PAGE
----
Myanmar Leader Agrees to Humanitarian Aid

Myanmar’s junta chief General Min Aung Hlaing has agreed to allow humanitarian relief into the country and facilitate the visit by ASEAN’s special envoy during talks with visiting Cambodian Prime Minister Hun Sen. Photo from Popular News Journal

Talks with Hun Sen pave way for the visit of ASEAN envoy

PHNOM PENH--Myanmar’s junta chief General Min Aung Hlaing has agreed to ensure the efficient distribution of humanitarian relief into the country and facilitate the visit by ASEAN’s special envoy during talks with visiting Cambodian Prime Minister Hun Sen.

A joint statement after the meeting said Min Aung Hlaing, chairman of Myanmar’s State Administration Council, welcomed the appointment of Deputy Prime Minister and Foreign Minister Prak Sokhonn as the special envoy of the ASEAN chair, promising to support him in carrying out his mandate to implement the bloc’s five-point consensus on Myanmar.  

He also pledged to assist the visit to Myanmar by Sokhonn, adding that the regime will ensure that the envoy will meet all parties involved.

In the meeting, Hun Sen and Min Aung Hlaing touched on efforts to enable the delivery of humanitarian aid to the people of Myanmar.

“To ensure the efficiency of the delivery of the humanitarian assistance to the people of Myanmar, especially the people who are most in need of help, the two leaders supported the convening of a meeting among stakeholders such as special envoy of the ASEAN chair on Myanmar, Secretary-General of ASEAN, the representatives of the ASEAN Humanitarian Assistance and Disaster Management Centre (AHA Center), and the Myanmar National Task Force to Facilitate Provision of Humanitarian Assistance through the AHA Centre, the Myanmar Red Cross Society (MRCS) and the relevant United Nations Specialized Agencies,” the statement said.

Min Aung Hlaing told Hun Sen that the five-month ceasefire with all Ethnic Armed Organizations (EAOs), which is due to expire at the end of February, has been extended until the end of this year.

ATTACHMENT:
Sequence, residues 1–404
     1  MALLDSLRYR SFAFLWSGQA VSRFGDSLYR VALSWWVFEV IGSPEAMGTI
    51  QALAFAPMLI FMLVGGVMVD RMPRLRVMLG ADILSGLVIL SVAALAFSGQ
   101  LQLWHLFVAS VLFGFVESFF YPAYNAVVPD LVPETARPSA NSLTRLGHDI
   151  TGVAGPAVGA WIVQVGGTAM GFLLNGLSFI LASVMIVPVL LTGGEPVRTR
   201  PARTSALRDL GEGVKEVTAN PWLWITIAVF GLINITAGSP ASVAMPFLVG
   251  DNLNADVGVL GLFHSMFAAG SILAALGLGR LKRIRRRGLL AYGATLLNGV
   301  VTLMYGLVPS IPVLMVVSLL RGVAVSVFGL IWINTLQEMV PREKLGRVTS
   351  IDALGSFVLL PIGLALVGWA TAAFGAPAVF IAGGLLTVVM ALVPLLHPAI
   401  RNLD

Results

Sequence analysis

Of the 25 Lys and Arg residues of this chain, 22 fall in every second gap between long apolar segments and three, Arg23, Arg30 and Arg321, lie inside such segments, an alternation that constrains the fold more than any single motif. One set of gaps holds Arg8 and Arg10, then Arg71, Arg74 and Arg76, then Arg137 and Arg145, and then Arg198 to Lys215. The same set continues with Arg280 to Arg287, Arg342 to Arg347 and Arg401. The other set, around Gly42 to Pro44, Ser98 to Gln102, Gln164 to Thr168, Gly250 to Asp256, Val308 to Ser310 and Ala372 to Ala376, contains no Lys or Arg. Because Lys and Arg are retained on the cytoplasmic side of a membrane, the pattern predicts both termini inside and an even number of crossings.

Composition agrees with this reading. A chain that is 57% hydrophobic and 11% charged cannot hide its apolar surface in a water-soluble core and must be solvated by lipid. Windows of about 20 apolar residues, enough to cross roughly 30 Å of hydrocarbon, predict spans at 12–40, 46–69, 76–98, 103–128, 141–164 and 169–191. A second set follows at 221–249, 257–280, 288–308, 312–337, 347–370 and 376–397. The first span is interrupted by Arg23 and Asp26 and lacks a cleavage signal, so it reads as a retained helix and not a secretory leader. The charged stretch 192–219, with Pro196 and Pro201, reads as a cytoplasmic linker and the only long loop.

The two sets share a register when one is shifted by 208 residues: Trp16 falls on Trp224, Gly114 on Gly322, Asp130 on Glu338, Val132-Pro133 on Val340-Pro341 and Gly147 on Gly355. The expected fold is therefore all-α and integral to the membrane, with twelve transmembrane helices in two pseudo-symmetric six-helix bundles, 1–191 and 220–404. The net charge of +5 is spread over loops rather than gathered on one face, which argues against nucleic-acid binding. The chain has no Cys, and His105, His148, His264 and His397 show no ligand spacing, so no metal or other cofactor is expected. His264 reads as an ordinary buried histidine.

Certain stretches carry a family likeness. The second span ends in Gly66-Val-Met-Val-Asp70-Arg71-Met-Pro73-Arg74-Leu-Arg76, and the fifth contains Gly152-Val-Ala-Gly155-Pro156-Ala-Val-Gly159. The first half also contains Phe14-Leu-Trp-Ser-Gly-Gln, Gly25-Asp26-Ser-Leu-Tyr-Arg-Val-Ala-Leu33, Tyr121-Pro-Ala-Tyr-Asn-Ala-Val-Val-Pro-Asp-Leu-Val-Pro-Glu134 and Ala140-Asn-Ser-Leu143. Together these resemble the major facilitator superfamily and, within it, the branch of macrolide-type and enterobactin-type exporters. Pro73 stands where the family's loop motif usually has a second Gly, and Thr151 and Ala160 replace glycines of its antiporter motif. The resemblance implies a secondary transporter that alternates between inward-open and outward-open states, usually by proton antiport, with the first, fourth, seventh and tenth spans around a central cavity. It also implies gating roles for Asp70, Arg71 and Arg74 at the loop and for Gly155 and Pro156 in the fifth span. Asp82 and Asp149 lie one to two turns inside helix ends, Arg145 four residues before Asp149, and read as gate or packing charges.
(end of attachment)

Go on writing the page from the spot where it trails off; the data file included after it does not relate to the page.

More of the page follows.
Hun Sen expressed strong support for the junta’s decision, saying it was to de-escalate tension and enable constructive dialogue among stakeholders to achieve enduring peace and national development.

The prime minister, who arrived in Naypyidaw on his two-day official visit on Friday, has become the first foreign leader to meet Myanmar's junta leader since the February 1 coup.

Hun Sen’s visit as the current ASEAN chairman has caused an outcry as many Myanmar people fear that his visit will end up legitimizing the military regime.

The PM has repeatedly defended his visit, saying his purpose is mainly to initiate peace while reiterating that it would not go beyond the five-point consensus agreed by ASEAN in Jakarta in April last year.

Phil Robertson, deputy Asia director of Human Rights Watch, called the  PM's move a slap in the face of the eight other ASEAN member states.

“PM Hun Sen’s unilateral decision as ASEAN chair to meet with Myanmar’s military leadership in Naypyitaw is an affront to the people of Myanmar who strongly oppose the visit," Robertson said.

A day ahead of Hun Sen's trip to Myanmar, U Bo Hla Tint, Ambassador to ASEAN of the government-in-exile National Unity Government of Myanmar, expressed concern and frustration, saying Hun Sen is acting on his own without consulting other bloc leaders.

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